With the given data, we want to build a predictor line that will provide us with the tools to predict the house’s size when supplied with new data.
Let’s say 1750 square feet. We need to fit a straight line through the data and predict a price based on the house’s size. We could sell our house at around $2,000,000.
Note that this is only one type of learning algorithm we can use. Algorithms which are better options also exist, and we will see more of these in the later tutorials.
A formal definition for this concept is generating a function based upon assigned labels that maps inputs to desired outputs.
Understanding Unsupervised Learning
In Unsupervised Learning, we have the data, but we don’t have the labels on them. In the image, we’ve drawn labels, but this is not, in particular, the given labels. They were deduced by using a clustering algorithm. It could either be k-means clustering or Gaussian mixture models.
In this case, all we’re doing is asking, “well, is there structure at all in the data?” Is there relational associations and distances between these values that we can say “these all seem close to each other but far from other groups.”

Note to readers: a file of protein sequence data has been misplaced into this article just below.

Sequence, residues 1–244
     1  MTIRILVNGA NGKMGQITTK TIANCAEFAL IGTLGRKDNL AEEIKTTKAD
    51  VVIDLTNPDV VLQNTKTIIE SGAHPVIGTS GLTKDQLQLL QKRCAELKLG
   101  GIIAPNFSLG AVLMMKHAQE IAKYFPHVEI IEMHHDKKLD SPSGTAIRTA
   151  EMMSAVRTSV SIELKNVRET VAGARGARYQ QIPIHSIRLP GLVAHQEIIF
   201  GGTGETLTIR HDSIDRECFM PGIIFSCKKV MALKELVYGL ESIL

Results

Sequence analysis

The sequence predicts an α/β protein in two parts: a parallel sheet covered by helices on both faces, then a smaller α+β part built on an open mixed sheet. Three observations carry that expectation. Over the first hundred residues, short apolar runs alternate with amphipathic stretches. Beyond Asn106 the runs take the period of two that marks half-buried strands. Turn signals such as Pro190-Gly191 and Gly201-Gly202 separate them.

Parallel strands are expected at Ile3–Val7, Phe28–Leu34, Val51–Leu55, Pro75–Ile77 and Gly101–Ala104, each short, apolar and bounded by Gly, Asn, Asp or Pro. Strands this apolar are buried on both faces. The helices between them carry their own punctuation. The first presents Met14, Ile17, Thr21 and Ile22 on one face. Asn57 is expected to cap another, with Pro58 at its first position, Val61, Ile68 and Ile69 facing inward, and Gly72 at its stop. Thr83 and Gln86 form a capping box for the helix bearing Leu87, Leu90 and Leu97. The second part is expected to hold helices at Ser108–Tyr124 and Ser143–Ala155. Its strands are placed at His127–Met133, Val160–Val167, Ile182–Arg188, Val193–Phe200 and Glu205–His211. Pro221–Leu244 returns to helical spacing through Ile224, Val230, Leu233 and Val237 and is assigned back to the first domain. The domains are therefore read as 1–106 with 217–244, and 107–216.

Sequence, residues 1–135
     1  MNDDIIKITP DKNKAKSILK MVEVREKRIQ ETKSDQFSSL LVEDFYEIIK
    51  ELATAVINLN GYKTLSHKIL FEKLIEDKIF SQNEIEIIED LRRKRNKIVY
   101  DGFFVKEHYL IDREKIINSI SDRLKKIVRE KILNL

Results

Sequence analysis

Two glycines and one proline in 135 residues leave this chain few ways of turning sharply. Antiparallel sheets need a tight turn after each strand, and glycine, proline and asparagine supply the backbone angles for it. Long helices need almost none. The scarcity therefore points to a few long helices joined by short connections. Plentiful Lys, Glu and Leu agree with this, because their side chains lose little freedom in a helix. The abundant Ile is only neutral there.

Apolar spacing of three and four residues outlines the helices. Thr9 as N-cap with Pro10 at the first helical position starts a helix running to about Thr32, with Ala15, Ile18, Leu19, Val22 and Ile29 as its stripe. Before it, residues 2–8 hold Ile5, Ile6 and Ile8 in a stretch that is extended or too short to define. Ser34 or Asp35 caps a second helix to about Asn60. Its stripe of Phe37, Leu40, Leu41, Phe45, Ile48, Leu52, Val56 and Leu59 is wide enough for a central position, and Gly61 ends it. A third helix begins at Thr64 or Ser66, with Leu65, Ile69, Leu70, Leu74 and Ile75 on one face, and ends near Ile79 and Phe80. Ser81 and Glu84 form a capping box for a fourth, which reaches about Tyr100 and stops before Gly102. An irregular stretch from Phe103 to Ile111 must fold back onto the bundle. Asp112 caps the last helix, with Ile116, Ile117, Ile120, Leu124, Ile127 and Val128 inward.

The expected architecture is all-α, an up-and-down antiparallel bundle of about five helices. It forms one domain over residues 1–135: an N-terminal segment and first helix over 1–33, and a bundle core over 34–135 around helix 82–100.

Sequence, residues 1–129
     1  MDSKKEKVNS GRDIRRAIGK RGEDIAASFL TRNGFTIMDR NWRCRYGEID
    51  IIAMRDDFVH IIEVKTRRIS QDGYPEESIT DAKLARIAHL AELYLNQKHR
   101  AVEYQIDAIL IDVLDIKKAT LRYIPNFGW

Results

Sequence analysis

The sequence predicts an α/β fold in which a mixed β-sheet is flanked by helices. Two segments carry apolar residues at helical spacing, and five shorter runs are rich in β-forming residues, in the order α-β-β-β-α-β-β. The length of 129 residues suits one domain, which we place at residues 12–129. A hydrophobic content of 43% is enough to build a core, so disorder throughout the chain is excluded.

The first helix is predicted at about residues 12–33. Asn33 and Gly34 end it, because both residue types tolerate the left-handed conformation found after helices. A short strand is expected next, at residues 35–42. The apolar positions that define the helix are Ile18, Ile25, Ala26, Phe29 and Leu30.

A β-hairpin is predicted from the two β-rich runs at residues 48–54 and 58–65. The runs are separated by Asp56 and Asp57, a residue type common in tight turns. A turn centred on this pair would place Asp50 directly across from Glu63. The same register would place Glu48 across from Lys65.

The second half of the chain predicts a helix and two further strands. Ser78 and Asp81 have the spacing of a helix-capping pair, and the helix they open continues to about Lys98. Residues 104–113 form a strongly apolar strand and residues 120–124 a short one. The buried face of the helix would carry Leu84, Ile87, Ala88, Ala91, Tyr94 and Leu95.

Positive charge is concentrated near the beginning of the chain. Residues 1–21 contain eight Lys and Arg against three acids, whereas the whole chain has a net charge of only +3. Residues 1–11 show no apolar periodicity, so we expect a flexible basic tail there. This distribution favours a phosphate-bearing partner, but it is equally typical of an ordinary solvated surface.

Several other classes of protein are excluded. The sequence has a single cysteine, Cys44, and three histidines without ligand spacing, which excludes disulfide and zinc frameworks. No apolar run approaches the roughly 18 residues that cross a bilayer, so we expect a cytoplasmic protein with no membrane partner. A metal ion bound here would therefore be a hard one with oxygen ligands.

So we can say that the blue dots are in one cluster, green dots in a second and red in a third.
Indeed, this is a kind of Unsupervised Learning where we will have data, and we are, in general, looking for structure in the data independent of any labels.
A formal definition for Unsupervised Learning is looking for patterns native to a dataset and modelling it like a cluster. (e.g., data mining and knowledge discovery).
Understanding Reinforcement Learning
Finally, Reinforcement Learning is about learning the right policy of behaviors in a particular environment to get positive rewards. It is what we do when we are moving around in the world and making life choices.
Let’s say we are going through this maze, and we get a positive reward over time, by using these different algorithms. We could then find the optimal path.
Another exciting example of Reinforcement Learning is having an AI learn to park a car in a parking lot in a 3D physics simulation.AI Learns to Park - Deep Reinforcement Learning by Samuel Arzt Click To Tweet
As you can see from the video, the AI starts with random behaviors. It then gradually learns to solve the task by reacting to the environment feedback accordingly. The environment tells the AI whether it is doing good or bad with positive or negative reward signals.
A formal definition for Reinforcement Learning is that an agent would learn how to act by being given a reward (or punishment) from the world it interacts in.